Four Ways to Enjoy the Mars Rover Curiosity



Photo Credit: NASA/JPL-Caltech

This weekend, while Colin Farrell was busy driving hover cars, dodging futuristic killers, and not going to Mars like his predecessor did Total Recall, something from this Earth did make the 154 million mile trip and land safely on the planet's surface. NASA's Curiosity rover successful touched down on Mars—hooray! While we don't know how this will affect pop culture in years to come—will we have to change the way we portray the Red Planet? Any John Carters up there?—there are ways to enjoy the Curiosity's journey right now.

1. Hear Just How Tricky That Landing Was to Pull Off.

Here, scientists from NASA's Jet Propulsion Laboratory explain what has to happen during the "seven minutes of terror," or the period between the rover hitting Mars' atmosphere and touching down on the surface, in order to have a successful landing. Watch the video below to hear how they dealt with 1,600-degree heat, little atmosphere, supersonic parachutes, and sky cranes.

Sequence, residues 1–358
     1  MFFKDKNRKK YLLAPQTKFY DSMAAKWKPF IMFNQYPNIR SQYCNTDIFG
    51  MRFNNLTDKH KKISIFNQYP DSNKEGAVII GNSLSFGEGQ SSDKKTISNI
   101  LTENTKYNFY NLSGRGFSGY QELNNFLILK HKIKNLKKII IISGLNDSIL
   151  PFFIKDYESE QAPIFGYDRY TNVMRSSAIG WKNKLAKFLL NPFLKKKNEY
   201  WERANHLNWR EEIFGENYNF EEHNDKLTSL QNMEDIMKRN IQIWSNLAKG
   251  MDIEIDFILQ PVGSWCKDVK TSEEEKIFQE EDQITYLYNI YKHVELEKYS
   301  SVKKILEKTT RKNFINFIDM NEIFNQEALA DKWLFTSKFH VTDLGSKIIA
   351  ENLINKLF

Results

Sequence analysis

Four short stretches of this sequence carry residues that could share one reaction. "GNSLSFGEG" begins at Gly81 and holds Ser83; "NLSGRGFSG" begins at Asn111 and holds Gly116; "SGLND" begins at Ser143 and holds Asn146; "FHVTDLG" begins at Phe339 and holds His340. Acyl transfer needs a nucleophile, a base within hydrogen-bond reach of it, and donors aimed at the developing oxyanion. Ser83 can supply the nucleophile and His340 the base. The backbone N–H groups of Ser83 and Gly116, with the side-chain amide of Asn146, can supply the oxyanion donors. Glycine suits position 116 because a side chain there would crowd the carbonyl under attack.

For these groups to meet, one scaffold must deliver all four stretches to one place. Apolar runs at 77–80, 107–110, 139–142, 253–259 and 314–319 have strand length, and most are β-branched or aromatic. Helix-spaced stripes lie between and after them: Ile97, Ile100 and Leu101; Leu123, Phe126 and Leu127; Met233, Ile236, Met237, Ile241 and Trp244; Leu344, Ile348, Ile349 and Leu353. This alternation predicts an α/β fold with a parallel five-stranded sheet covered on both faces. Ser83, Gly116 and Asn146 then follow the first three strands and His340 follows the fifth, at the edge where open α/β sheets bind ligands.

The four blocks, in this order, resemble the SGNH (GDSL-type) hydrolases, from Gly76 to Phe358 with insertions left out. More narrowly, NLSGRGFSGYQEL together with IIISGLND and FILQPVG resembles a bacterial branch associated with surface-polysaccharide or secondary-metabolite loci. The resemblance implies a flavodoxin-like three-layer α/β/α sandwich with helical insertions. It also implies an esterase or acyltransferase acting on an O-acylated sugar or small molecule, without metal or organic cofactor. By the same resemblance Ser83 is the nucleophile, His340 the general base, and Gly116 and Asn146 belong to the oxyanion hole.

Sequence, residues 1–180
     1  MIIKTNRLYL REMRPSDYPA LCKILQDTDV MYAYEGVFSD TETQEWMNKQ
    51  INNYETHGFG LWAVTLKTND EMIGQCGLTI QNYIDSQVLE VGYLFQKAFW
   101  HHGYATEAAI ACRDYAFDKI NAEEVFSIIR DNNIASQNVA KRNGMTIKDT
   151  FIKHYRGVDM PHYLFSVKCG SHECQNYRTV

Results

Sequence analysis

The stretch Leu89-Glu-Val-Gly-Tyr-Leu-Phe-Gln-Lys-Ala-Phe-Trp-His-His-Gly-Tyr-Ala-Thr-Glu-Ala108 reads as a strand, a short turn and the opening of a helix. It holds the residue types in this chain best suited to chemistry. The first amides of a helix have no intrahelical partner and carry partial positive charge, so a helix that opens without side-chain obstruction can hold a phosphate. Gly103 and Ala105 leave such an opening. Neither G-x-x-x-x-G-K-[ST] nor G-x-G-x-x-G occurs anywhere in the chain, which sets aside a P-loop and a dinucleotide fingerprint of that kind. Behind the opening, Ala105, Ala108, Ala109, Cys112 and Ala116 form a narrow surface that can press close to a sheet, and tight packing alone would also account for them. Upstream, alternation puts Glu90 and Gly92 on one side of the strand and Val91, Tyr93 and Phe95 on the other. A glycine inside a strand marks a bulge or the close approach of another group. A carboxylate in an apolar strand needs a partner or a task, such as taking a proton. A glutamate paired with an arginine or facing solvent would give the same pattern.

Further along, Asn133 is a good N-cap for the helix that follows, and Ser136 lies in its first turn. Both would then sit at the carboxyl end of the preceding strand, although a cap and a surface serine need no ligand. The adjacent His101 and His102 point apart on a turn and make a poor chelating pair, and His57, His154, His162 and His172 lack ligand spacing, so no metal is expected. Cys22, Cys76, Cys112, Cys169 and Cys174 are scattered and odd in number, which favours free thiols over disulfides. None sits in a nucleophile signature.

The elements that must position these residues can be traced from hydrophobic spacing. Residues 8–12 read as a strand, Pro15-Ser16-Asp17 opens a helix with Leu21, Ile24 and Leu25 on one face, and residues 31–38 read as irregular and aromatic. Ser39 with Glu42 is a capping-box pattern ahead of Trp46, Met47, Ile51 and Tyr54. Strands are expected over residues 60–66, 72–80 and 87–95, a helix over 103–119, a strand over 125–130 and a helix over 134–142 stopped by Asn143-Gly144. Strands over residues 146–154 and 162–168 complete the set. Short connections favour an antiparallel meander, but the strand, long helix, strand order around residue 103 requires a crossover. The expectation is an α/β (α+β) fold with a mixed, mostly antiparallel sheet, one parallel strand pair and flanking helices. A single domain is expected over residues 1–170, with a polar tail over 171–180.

2. Celebrate with the Scientists

 

We now know that, of course, the rover landed safely “We landed in a nice flat spot. Beautiful, really beautiful,” engineer Adam Steltzner told Alicia Chang of the Associated Press. If you really want to feel like you were a part of the action, you can watch the video of the NASA's Pasadena crew and erupt into cheers when they get the official word that everything was hunky dory. (This video is perfect for an early-work-week pick-me-up.)


 

3. See Some of the First Photos the Curiosity Sent Back

NASA already has some of the Curiosity's first images up in a gallery on its website. The rover has taken a few pictures of the view around it, including one that captures its own shadow, which I find incredibly cute in a WALL-E sort of way. Higher resolution images and color photos are still to come, so keep an eye out on this page.

 

4. Follow the Rover on Twitter.

Because of course it has a Twitter account. From its Twitter feed it seemed pretty calm during that whole seven-minutes-of-terror thing, starting off with a brezy, "Guided entry is begun. Here I go!" But we can't blame it for being a little boastful after the landing: "I'm safely on the surface of Mars. GALE CRATER I AM IN YOU!!!"

 

 

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